10 Steps That Will Help You Survive Christmas Dinner Prep
Let’s be honest – setting the Christmas table is a nightmare. Every one of us probably felt like crap after an exhausting day of cooking and all you got is a glass of wine and a lazy “thank you.”
While setting your Christmas table there is literary no time for a mistake (in fact, there is no time for anything) and if you don’t know how to plan your steps accordingly, well…you’re f*cked (sorry!).
I have planned, and successfully made a lot of Christmas family dinners throughout my career, and I must tell you, that smart planning is crucial! Right now I’m about to tell you some obvious and not really think that you must keep in mind while prepping for this most beautiful time of the year.
It is essential that you manage your time and follow the steps. After a few really messed up dinners, I realized that it takes about a week of planning and prepping, and 3-4 evening of part-time work to make it happen.
7 days before The Big Dinner
1. Clean up your fridge
A week before the big cookout, do yourself a favor and clean up the fridge. Take a sponge, a dishwashing liquid and scrub every single corner. Take all the thing out and check the dates, the smell, and the look. Typically, during such cleaning routines, you may find a few things that had gone bad. Throw away spoiled food and keep in mind that you may use some of the ingredients from your fridge to prepare Christmas dishes.
2. Consolidate ingredients
When you go shopping for Christmas dinner, you don’t really think about the size of the fridge. So before you buy anything, get some plastic or glass containers from Amazon and consolidate stuff that’s sitting at the bottom of the old container. It will really free up some space in your fridge.
3. Get organized
To move faster and know where the ingredients are during the Christmas dinner prep, reorganize the shelves of your fridge. Keep dairy on the bottom shelf, meats at the top and greens in the drawer. Make notes and put stickers on the shelves, so you know exactly where everything is.
5 Days before The Big Dinner
4. Make a menu
Menu and one of the most important things, it is your guide to Christmas table. Search for some foolproof recipes on the internet, ask your grandma and remember things that you make the best. Keep in mind your guest’s food allergies, likes, and dislikes. Make a detailed list of stuff that you will make as appetizers, mains, sides, and desserts.
5. Make your grocery list
Estimate the portion size for each guest and the number of ingredients needed for each course. For example, if making the fish and herbs, write down the exact amount of fish and herbs necessary to buy.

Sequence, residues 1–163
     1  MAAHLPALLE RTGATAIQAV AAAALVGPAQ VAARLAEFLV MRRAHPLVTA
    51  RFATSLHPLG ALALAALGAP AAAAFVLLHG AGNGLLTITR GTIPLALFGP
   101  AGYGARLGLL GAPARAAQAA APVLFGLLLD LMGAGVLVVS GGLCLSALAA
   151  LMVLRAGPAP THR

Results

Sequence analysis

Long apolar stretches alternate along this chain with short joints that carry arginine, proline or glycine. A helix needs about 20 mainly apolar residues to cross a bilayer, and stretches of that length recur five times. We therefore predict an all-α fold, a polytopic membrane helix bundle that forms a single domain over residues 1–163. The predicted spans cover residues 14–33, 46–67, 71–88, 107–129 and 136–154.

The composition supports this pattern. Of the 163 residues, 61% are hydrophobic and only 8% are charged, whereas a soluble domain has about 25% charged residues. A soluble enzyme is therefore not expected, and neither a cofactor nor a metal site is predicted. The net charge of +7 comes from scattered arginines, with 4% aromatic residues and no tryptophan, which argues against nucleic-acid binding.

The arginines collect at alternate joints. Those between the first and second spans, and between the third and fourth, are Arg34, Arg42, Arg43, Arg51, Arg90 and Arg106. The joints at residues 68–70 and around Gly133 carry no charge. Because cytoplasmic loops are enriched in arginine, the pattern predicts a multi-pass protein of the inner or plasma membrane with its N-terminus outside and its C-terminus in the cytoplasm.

6. Evaluate your possibilities
One of the most common mistakes that everyone makes during Christmas dinner prep is making too complicated dishes that one have never tried before. Try to stay away from the recipes that look inconsistent and stuff that seems too complicated. If you have never made a game in wine sauce, think twice if it is worth a try.
3-4 days before The Big Dinner
7. Get groceries
I would suggest doing the groceries 3-4 days before you cook. Don’t worry, most of the ingredients will be fine. Unless its oysters or lobsters. If shopping in different locations do it in two days. Follow your grocery list and try to stick to it as much as possible.
8. Store your produce correctly
It is not necessary to keep potatoes in the fridge unless they are cooked. Most of the time, veggies, fruit and condiments shelved at the supermarket at the room temperature do not need a refrigerator. Ge a clean box and put room temperature stuff there. Don’t worry, the box will disappear after holidays are over. If you are still skeptical, put it closer to the window and a balcony door.
Things like berries, greens, fish, meat, and dairy need the fridge though.
1-2 days before The Big Dinner
9. Start Prepping.
Trust me, you will thank yourself for that on cookout day. Peel potatoes and keep them in water in the fridge, chop and cut veggies and fruit. Cut the greens and keep them in a separate container under a wet towel. Cook some vegetables that take a long time to cook.
10. Write down your steps
Take a piece of paper and start writing down your moves around the kitchen step-by-step. Star with the ingredients that take the longest. For example, beets take 1-2 hours to cook, so put them on the stove, and while they cook, you can make the dough or roast something in the oven.